Because retraction can harm the hypoglossal nerve, every effort should be taken to limit traction on this nerve. To expose the distal ICA, the tethering artery and vein to the sternocleidomastoid, the descending hypoglossal branch of the ansa cervicalis, or the occipital artery may need to be divided.

    The superior laryngeal nerve, which is normally placed medial to the ICA, should also be carefully examined. This nerve separates into external and internal branches that run posterior to the superior thyroid artery and may be injured if the surgeon attempts to regulate either this vessel or the ICA. The glossopharyngeal nerve crosses the ICA towards the base of the skull and is best preserved by keeping dissection close to the ICA's anterior surface.

    Excessive or prolonged retraction of the top portion of the incision may result in transient compression injuries to the greater auricular nerve laterally or to the facial nerve's marginal mandibular branch medially. Several techniques can be used to mobilize the ICA distally in individuals with a high carotid bifurcation or an extensive lesion, as follows:

    • The skin incision can be prolonged up to the mastoid process, with the sternocleidomastoid fully mobilized toward its tendinous insertion on the mastoid process; care must be taken not to harm the accessory nerve, which enters the sternocleidomastoid substance at that level.
    • The digastric muscle can be mobilized anteriorly or split if required.
    • If further exposure is required, the styloid process can be transected and the mandible anteriorly subluxated.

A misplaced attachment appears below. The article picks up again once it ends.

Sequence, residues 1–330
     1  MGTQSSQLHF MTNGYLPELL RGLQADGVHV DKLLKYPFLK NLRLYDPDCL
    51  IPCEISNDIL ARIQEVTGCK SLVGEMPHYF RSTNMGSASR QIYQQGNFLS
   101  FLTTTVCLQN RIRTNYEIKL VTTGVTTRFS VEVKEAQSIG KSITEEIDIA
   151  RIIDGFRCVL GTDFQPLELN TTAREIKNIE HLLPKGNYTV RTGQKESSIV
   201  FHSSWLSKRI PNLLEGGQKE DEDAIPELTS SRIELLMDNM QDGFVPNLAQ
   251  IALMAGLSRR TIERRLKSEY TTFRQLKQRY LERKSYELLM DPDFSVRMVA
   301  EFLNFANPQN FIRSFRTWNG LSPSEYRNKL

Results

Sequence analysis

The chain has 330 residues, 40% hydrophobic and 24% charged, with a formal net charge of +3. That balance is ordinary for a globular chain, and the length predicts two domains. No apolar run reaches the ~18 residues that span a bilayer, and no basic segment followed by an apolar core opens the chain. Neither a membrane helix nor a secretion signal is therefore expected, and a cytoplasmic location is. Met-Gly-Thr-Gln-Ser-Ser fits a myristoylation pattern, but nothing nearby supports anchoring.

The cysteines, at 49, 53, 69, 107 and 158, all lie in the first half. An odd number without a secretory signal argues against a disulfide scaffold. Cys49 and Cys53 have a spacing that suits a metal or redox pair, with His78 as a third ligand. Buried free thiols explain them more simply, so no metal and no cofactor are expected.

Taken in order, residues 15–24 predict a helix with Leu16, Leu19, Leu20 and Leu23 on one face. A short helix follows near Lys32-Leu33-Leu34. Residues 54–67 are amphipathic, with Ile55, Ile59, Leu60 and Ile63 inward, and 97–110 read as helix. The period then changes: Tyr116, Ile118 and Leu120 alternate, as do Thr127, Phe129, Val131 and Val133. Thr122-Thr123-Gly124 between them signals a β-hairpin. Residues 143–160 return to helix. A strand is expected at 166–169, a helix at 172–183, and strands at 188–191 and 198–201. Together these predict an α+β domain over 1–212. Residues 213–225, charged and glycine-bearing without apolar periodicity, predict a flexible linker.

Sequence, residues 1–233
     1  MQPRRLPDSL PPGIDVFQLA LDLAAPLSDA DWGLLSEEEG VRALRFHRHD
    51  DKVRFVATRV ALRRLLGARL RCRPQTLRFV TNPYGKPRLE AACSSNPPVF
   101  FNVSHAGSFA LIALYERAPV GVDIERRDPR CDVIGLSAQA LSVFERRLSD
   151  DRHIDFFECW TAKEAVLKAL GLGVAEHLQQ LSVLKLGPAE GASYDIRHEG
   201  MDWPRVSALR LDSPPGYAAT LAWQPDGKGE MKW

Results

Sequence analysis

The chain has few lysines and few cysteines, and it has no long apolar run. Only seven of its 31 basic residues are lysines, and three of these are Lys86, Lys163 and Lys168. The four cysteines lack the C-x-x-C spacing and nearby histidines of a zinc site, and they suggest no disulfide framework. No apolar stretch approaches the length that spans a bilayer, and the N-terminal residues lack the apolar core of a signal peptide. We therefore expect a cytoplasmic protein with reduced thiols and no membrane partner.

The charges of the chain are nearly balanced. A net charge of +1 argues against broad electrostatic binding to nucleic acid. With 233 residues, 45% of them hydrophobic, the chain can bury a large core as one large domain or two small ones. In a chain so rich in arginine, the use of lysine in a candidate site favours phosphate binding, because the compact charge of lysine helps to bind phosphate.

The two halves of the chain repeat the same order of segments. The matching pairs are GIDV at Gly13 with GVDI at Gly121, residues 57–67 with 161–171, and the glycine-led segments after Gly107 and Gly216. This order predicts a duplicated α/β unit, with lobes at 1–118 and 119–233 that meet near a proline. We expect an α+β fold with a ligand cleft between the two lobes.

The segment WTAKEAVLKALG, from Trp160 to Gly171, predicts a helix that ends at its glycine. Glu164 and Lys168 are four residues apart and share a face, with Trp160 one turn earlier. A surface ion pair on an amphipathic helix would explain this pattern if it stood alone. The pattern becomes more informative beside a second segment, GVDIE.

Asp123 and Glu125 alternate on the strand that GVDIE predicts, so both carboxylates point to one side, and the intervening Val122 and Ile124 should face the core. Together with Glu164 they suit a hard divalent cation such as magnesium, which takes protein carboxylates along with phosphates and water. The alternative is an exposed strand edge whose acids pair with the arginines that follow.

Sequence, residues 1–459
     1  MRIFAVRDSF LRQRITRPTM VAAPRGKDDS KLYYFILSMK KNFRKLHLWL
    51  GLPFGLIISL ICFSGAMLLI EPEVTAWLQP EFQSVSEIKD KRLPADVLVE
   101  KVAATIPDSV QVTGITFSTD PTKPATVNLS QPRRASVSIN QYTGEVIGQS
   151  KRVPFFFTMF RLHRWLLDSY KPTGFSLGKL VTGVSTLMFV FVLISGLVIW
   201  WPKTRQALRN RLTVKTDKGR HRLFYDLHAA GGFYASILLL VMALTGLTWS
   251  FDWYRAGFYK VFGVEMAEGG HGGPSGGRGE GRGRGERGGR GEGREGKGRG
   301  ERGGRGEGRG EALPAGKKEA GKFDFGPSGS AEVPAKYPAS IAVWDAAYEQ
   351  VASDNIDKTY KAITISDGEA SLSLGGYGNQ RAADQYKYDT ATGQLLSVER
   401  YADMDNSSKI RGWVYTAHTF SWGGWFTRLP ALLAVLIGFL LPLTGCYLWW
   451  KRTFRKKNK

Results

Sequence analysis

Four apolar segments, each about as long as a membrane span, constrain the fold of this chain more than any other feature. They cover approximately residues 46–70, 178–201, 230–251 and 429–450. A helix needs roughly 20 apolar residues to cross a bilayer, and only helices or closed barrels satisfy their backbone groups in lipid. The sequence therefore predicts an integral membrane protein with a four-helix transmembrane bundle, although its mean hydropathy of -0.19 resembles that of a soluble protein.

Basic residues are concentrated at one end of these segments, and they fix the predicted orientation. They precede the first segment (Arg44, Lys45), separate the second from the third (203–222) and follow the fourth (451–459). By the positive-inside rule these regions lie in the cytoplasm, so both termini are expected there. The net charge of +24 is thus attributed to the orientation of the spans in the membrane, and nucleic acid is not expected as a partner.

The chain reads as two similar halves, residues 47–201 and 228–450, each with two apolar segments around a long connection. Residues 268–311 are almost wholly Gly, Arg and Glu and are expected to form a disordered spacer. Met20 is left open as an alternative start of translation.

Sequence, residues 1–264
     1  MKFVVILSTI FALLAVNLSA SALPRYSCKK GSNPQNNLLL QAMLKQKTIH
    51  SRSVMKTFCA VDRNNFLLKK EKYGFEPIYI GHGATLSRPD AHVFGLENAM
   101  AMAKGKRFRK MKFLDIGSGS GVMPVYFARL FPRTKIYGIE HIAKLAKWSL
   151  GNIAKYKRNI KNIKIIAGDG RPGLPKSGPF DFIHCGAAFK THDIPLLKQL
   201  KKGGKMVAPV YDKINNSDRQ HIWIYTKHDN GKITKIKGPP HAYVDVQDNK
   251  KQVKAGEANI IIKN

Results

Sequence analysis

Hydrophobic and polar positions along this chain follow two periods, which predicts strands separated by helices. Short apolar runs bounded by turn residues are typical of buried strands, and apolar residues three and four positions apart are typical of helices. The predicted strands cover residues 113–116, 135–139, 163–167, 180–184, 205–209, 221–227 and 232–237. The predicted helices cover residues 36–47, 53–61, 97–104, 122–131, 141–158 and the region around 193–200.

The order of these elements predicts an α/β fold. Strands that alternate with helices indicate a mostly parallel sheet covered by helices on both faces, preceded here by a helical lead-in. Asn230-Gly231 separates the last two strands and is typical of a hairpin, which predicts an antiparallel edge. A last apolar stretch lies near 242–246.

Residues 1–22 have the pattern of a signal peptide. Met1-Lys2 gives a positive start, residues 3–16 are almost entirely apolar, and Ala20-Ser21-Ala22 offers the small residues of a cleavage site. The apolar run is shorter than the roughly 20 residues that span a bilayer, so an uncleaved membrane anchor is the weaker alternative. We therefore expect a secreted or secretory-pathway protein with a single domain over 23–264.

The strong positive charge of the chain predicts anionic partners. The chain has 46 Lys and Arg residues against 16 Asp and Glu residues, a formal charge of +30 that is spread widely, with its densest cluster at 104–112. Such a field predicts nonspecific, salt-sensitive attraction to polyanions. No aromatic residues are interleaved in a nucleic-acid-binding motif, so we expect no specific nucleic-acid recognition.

Control of the CCA is achieved by encircling the vessel with umbilical tape close to the site of illness. If sinus bradycardia occurs, 1-2 mL of 1% lidocaine is injected into the carotid bifurcation tissues to treat reflex sympathetic bradycardia. After gaining proximal control, dissection is extended distally around the ECA and its first branch, the superior thyroid artery. Control is thus gained distally at the ICA.

    It is critical to avoid manipulating the carotid artery during the dissection to prevent the danger of embolization. To prevent harming adjacent nerves, particularly the vagus and hypoglossal nerves, dissection must be performed with considerable caution. To assist the dissection, the ansa cervicalis, a branch of the hypoglossal nerve, may need to be separated; this is okay.


    Arteriotomy and shunting

    Heparin (5000-7000 U) is given intravenously (IV). In that sequence, the ICA, CCA, and ECA are occluded. An arteriotomy is performed with a No. 11 blade, beginning anteriorly on the CCA proximal to the lesion and extending cephalad through the plaque opposite the flow divider, then continuing into the ICA with Potts scissors. The arteriotomy is prolonged distal to the plaque until it reaches a point where the ICA is largely normal.

    When general anesthesia is administered without cerebral monitoring, or when neurologic abnormalities are observed during monitoring, a shunt is implanted by putting the distal end of the shunt into the normal ICA distal to the lesion. Back-bleeding the shunt removes any air or debris, and the proximal end of the shunt is then implanted deep into the CCA, close to the plaque.


    Removal of plaque

    A Penfield elevator is used to start the actual endarterectomy. The plane between the inner and outer medial layers is the best for endarterectomy. By sharply separating the plaque in the CCA, the proximal terminus is reached. While the endarterectomy continues into the carotid bulb, the plaque can be lifted under full view. To reach an acceptable endpoint, carotid plaque that extends a short distance into the ICA may be teased medially toward the origin of the ECA. The plaque in the bulb can also be separated so that the ICA and ECA endarterectomies can be performed individually.

    After the plaque is separated, the device used to regulate the ECA (clamp or loop) is relaxed, and an eversion endarterectomy is done. The split plaque in the ICA is feathered to provide a smooth taper in the transition to the normal distal intima. If a smooth distal taper cannot be obtained, interrupted 7-0 monofilament tacking sutures may be required to fix the endpoint.